This story was written by Shanika Gunaratna, Daily Northwestern
Call it a weekend road trip with a political purpose.
On Saturday, a group of Northwestern University students crossed the border to Indiana and joined a grassroots volunteer effort to canvass for Sen. Barack Obama. Obama is locked in a close race with Sen. Hillary Clinton in Tuesday's Democratic primary in Indiana.
By Saturday's end, the group of 10 students, all members of NU Students for Barack Obama, had knocked on over 250 doors in Schererville, Ind.
Throughout the day, NU students visited households targeted by the campaign as Democratic or potentially undecided.
"They had been receiving a lot of Obama mail and had been receiving phone calls," Communication sophomore Kyla Robinson said. "A lot of them were still undecided."
Weinberg sophomore Melissa Perry, who has canvassed in Missouri, Georgia and South Carolina for the candidate, said the student turnout was impressive.
"I think it is really a testament to how great the grassroots organization is (in Indiana)," she said.
Communication senior Leah Nelson, head of NU Students for Barack Obama, organized Saturday's trip. More than 270 people are in the "Northwestern University Students for Barack Obama" Facebook group; Nelson said 70 students in the group are active. The group has organized canvassing trips to every Midwest primary state this year.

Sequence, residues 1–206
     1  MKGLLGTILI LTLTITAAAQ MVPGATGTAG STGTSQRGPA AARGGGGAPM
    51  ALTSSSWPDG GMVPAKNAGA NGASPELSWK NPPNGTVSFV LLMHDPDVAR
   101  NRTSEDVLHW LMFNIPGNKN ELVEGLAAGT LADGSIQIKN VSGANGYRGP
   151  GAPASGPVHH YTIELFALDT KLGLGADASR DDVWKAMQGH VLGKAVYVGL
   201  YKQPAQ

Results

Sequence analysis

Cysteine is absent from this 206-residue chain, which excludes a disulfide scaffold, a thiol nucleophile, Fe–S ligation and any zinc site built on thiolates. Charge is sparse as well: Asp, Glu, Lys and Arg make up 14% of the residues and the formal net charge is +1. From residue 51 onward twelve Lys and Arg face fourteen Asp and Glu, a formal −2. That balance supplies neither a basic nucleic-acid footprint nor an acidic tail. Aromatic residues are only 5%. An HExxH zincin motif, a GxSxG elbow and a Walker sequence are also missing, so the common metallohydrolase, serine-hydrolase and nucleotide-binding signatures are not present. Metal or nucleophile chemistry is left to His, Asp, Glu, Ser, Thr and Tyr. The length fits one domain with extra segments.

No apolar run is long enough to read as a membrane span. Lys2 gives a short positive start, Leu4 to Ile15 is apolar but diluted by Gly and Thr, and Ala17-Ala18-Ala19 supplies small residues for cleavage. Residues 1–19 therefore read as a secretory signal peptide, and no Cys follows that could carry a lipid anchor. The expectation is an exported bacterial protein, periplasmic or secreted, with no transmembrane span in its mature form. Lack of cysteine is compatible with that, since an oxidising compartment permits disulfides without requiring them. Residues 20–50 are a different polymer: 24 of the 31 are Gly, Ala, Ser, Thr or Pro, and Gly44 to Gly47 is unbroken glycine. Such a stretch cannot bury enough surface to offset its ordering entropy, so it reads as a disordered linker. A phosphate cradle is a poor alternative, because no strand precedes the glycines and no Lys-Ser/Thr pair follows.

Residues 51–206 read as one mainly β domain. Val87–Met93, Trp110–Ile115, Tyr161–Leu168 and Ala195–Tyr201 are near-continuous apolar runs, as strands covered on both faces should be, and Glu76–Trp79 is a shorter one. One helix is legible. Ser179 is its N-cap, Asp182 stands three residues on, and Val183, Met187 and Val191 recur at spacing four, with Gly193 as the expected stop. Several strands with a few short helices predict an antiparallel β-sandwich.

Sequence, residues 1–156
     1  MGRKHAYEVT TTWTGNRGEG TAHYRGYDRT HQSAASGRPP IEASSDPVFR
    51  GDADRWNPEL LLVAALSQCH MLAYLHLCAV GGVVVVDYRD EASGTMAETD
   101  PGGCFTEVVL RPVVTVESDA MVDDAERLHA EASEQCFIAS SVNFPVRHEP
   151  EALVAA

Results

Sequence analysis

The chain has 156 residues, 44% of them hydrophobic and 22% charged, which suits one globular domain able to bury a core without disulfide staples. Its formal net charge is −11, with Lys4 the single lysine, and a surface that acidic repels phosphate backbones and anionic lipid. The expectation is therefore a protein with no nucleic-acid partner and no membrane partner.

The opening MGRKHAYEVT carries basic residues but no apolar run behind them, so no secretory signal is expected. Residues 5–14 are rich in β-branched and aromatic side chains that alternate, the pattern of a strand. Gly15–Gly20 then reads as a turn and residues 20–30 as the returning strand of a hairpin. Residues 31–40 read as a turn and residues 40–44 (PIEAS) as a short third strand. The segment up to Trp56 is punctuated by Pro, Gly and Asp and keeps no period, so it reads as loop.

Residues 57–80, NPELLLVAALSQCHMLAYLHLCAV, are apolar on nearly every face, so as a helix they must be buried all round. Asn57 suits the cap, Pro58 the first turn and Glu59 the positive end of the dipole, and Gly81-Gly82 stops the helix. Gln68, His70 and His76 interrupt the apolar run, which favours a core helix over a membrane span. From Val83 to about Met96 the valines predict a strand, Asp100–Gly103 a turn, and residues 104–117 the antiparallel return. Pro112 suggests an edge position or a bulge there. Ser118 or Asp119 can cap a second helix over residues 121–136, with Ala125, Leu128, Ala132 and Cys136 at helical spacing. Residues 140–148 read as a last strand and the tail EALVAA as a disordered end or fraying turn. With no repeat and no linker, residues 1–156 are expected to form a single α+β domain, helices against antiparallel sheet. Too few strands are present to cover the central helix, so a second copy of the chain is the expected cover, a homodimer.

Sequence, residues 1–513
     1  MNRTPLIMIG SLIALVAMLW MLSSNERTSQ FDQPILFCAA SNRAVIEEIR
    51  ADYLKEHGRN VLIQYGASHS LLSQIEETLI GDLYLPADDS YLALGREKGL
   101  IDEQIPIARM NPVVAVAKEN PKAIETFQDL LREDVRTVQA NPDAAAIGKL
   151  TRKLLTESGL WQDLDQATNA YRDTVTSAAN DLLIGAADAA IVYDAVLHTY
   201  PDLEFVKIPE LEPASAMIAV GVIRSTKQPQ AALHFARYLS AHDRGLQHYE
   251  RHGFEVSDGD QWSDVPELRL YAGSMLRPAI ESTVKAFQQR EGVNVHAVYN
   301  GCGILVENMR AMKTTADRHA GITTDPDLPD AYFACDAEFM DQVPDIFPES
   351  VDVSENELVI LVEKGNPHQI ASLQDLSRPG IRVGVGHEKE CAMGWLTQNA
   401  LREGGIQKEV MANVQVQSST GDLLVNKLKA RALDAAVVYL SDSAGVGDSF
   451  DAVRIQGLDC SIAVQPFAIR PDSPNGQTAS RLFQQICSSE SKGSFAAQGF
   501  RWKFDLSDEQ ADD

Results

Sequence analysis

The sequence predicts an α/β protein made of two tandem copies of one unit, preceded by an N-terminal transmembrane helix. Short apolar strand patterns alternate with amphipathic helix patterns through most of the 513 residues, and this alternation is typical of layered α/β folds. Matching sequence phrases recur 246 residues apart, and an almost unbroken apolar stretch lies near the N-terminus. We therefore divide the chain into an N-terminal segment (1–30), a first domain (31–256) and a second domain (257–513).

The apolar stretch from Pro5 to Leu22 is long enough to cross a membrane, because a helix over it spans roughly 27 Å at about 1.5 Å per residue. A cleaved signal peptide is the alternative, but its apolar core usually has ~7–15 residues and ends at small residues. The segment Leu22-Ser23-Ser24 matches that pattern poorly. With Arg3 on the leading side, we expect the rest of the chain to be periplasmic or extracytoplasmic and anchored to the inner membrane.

NU students were not alone in their efforts. Many of the day's volunteers were from the Chicago area and were organized by Congresswoman Jan Schakowsky, an Obama supporter who represents Illinois' 9th Congressional District. The district includes Evanston and other North Shore suburbs.
Schakowsky addressed the group of volunteers at one of the Obama campaign's Indiana headquarters before they began their day of door-to-door canvassing. Amid talk of Obama's campaign platform, Schakowsky said the candidate had garnered support from the nation's youngest voters.
"We're not going to run an ageist campaign but, you know," she said. "It's apparent that Barack Obama is the 21st-century candidate."
Indiana schoolteacher and recent Purdue University graduate Amy Molnar said the campaign's focus is to make sure all committed supporters get out to vote. During the campaign, they have been planting lawn signs, calling volunteers and arranging transportation for canvassers.
According to Molnar, the team is also dealing with a few Indiana-specific obstacles. Molnar said Indiana has unusually strict voter identification laws. All voters must show a government-issued ID at their polling place, an additional obstacle that typically dissuades the elderly and young electorate from getting out to vote.
Nelson said that despite college students' widespread interest in the presidential race, she has encountered problems organizing political activity on such an academics-centered campus like NU.
But several student volunteers said they plan to work for the campaign as long as they can. Perry, for instance, plans to volunteer with the campaign in New York in addition to having a full-time job this summer.
"Once he gets the nomination, it will be a whole different kind of fight," she said.